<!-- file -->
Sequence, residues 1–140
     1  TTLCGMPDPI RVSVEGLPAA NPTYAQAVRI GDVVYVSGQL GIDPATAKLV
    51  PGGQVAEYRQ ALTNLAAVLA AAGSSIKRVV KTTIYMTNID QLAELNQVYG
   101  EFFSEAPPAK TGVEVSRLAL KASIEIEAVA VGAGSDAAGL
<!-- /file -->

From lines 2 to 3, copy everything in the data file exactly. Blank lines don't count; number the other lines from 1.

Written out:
     1  TTLCGMPDPI RVSVEGLPAA NPTYAQAVRI GDVVYVSGQL GIDPATAKLV
    51  PGGQVAEYRQ ALTNLAAVLA AAGSSIKRVV KTTIYMTNID QLAELNQVYG